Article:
Developing a Plan: Setting the Goals
Once you have some basic facts, consider where you are headed in terms of your loved-one’s illness.
If the facts suggest that full recovery is possible.
Maybe the facts suggest that while things are tough now, a full recovery is possible. If so, great! If your loved one is expected to recover fully from the illness, s/he will likely need help and support immediately after discharge and so will you as you will be caring for your loved one. Plan ahead while your loved one is still hospitalized. Contact friends and family members and explain your situation and ask for help. If a rehabilitation unit or nursing home stay is recommended after discharge from the hospital (example in a patient who has recovered from a stroke but is still too weak to go home from the hospital), discuss this with the doctor. Once you know the plan and have identified a nursing home or rehab unit in a convenient location, you are more likely to have a smooth transition from the hospital after discharge.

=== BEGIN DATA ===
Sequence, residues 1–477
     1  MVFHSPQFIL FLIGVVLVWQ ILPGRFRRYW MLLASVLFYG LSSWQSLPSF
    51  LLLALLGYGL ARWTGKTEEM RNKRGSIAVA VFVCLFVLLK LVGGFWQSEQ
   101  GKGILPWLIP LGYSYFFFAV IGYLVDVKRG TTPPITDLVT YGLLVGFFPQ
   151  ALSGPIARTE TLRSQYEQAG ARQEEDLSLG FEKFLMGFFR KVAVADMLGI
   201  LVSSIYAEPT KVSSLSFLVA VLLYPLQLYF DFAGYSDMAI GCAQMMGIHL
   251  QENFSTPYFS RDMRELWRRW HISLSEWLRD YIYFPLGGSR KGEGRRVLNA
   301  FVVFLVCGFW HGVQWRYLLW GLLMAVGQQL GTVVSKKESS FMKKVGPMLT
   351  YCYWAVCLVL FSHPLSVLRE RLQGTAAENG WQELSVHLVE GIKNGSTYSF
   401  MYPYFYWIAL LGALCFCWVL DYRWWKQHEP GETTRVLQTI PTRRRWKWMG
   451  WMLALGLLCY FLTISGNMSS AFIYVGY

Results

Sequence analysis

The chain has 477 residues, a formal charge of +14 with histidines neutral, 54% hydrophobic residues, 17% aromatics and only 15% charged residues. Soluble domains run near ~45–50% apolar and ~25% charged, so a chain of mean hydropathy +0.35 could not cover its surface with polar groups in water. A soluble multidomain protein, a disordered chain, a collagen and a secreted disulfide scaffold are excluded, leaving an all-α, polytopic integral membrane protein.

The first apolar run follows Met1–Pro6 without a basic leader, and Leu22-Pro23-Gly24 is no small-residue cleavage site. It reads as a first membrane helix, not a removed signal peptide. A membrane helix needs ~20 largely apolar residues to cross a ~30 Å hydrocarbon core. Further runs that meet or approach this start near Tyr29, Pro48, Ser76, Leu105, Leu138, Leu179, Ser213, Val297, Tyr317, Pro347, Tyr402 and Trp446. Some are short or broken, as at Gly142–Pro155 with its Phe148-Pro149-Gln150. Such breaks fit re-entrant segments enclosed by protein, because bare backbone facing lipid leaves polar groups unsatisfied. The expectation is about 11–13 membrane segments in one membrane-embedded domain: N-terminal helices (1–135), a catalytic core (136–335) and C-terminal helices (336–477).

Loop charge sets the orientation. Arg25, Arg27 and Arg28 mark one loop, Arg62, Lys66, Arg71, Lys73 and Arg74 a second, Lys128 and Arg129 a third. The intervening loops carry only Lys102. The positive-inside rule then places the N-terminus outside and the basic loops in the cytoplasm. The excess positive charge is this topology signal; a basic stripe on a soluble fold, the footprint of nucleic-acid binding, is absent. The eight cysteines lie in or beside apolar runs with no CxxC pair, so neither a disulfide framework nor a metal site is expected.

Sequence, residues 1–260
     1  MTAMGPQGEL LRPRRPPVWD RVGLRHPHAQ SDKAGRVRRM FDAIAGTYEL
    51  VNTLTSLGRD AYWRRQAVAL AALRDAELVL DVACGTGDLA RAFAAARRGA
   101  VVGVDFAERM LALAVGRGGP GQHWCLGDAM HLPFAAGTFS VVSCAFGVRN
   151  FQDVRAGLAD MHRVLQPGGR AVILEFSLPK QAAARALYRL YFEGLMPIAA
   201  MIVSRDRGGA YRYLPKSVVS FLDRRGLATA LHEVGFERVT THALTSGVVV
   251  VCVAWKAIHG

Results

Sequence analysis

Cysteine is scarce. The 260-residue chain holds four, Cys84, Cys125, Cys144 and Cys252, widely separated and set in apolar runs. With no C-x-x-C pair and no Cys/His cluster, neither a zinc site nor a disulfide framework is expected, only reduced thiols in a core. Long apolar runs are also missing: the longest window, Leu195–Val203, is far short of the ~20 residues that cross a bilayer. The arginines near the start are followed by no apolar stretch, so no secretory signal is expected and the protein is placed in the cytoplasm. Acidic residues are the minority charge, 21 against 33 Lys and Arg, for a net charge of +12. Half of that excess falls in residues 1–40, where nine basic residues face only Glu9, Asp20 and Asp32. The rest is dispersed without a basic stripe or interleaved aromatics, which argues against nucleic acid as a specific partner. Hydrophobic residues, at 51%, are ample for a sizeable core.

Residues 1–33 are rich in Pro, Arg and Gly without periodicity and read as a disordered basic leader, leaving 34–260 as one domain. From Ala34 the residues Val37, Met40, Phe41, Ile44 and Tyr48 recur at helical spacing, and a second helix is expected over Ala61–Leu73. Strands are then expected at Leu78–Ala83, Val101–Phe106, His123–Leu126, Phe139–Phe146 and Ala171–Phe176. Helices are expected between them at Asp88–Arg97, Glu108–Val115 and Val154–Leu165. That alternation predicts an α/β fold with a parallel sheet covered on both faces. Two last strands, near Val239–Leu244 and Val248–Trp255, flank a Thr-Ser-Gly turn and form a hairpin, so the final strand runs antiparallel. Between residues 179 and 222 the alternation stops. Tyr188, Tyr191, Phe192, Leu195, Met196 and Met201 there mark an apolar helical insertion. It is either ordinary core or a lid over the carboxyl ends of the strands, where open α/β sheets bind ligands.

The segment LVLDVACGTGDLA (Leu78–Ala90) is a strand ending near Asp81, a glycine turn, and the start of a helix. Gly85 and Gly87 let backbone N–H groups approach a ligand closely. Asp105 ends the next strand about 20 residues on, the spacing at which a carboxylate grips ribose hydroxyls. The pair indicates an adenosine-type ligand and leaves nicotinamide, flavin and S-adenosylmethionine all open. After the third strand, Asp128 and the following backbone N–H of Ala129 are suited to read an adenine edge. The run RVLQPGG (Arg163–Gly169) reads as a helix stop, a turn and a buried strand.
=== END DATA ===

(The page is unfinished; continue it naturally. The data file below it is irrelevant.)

What if the facts suggest that full recovery is unlikely?
Sad, though this might be, what possibilities exist to make the best of things? Patients and families sometimes become overwhelmed by the many decisions that must be made. They may also have strong feelings about what they believe to be best for your loved-one. Sometimes, arguments break out about specific decisions that must be made. Because strong emotions often come up, it is easy to get into arguments without taking the time to step back and consider a more basic question – not so much, "what should we do", but "where are we trying to get to?"
If full recovery is possible
Plan ahead while your loved one is still hospitalized, you are more likely to have a smooth transition from the hospital after discharge.